Today I helped a very interesting man. He was about 55, and very Jewish. His clothing was very wrinkled, and he had an overall disheveled look to him — right down to the yamacah that was so poorly pinned to his thinning hair. He had brow plastic-framed glasses that looked like he had been gnawing on the arms of them for years and was wearing and old pair of plastic soccer sandals. He had made a heel strap for them out of some rubber bands that he knotted through holes he had gouged in the material.
He told me he was looking for something to replace his customized sandals, and that he would like something similar but closed toe to wear in the approaching cold weather. I showed him a pair of Crocs, which he promptly tried on.
“These are too small,” he said. “Do you have a half size bigger?”
I explained to him that crocs were small, medium, large, etc. &and that the size he had on was designed to fit a men’s 10-11.
“So, it’s ten and a half?”
“I guess that’s one way to look at it,” I said. I then explained that the next size up in Crocs was a 12-13.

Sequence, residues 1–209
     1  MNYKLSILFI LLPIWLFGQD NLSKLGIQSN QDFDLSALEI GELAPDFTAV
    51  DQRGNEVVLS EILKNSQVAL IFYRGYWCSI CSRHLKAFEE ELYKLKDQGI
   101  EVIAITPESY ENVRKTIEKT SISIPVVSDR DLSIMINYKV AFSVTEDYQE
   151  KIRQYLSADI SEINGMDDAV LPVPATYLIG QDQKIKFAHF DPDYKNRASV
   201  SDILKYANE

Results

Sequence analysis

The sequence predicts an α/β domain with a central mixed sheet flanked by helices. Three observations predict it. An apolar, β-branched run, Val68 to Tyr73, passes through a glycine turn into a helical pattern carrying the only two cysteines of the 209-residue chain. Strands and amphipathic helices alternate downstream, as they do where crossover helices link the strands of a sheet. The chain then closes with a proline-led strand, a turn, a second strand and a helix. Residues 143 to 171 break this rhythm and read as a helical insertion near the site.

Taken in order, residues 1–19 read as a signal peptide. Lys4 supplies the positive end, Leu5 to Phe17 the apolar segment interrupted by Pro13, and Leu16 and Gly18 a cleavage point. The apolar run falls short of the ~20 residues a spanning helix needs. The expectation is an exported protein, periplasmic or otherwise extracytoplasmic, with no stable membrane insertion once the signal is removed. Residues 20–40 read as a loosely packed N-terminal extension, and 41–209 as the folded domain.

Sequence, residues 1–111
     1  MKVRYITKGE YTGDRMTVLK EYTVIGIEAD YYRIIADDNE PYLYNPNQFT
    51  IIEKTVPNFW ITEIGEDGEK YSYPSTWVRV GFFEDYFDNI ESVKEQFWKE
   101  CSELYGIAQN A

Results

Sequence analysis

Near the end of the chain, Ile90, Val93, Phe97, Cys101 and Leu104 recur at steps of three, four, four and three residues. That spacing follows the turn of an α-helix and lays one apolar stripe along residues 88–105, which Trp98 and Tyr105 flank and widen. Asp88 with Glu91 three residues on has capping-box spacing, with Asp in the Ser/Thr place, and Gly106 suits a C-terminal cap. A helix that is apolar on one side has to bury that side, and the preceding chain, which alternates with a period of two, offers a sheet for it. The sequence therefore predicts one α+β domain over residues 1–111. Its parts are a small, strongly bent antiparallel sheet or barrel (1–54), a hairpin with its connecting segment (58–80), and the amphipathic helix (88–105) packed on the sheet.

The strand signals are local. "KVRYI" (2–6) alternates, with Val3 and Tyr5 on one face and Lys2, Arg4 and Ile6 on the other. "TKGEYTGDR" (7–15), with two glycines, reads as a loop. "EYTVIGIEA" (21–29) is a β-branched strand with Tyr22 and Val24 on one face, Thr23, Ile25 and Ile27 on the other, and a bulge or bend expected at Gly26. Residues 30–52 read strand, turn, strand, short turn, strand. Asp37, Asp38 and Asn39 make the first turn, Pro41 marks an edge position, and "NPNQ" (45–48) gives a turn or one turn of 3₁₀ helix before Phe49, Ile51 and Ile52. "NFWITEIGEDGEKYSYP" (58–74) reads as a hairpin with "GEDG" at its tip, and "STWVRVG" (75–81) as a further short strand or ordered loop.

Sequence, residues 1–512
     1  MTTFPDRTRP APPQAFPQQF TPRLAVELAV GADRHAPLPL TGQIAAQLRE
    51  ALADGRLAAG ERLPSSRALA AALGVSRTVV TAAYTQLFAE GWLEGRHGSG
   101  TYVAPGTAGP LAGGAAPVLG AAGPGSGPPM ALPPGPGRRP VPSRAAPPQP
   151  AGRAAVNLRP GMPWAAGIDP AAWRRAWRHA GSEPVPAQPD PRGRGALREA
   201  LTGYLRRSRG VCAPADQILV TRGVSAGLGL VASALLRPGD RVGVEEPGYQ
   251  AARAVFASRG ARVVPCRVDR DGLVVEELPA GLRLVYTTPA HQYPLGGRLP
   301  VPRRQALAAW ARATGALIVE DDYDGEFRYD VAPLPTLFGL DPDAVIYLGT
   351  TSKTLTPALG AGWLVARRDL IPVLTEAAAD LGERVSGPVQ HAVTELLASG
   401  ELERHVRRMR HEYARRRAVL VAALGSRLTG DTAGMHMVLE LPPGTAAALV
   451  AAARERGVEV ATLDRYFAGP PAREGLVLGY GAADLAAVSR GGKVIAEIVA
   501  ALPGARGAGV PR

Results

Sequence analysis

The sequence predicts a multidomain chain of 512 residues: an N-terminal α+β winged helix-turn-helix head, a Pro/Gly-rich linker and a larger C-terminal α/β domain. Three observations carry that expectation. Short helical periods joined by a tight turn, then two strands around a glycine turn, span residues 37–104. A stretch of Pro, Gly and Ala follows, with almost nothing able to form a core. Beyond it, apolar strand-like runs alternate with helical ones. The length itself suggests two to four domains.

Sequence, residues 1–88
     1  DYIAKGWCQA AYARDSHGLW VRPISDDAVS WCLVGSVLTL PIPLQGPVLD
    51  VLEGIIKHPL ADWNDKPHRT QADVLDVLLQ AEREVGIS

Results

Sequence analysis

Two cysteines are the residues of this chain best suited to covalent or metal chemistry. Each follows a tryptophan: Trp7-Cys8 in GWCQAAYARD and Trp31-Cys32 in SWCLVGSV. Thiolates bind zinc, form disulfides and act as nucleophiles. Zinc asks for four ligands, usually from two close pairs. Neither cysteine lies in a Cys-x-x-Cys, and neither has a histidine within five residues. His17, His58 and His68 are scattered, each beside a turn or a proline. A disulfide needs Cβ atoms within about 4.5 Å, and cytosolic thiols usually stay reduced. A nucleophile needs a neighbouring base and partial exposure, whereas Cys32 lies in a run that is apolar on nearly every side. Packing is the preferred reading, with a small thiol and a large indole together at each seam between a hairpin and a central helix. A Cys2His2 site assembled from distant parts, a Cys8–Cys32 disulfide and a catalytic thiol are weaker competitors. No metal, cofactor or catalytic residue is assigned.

After debating the semantics of shoe sizing for a bit longer, he settled on the extra large Crocs. He paid for them, left the store, and then quickly turned around and came back in.
Up until this point, I had thought of him merely as a quirky older man. What transpired next totally changed my opinion.
“Hi. I was wondering if you had read any of the articles that have been in the paper about people who wear Crocs getting their feet caught in escalators, getting their toes slashed and bleeding everywhere?”
I simply stared at him for a few moments with my overly-polite customer service grin on my face while I tried to register what it was he had just said to me.
“Well, I’ve certainly never heard of anything like that happening.” My voice was trembling a little as I tried to hold back the peels of hysterical laughter.
“You said you have Crocs, right?”
“So when you’re on escalators, do you stand off to the side, or in the center? Because I’ve heard that with tennis shoes you shouldn’t’ stand to the side because your foot could get stuck and yanked right off your body. So I’m wondering if I need to remain conscious of that with Crocs on, or if I can stand a little closer to the rail.”
I racked my brain to think of a reply that would satisfy him enough to leave and also one that I could say with a straight face. “Well, if you really want to be sure you’re safe, I would take the stairs or elevator.”
“You are so right,” he said and left my store with a smile on his face. Am I good at my job, or what?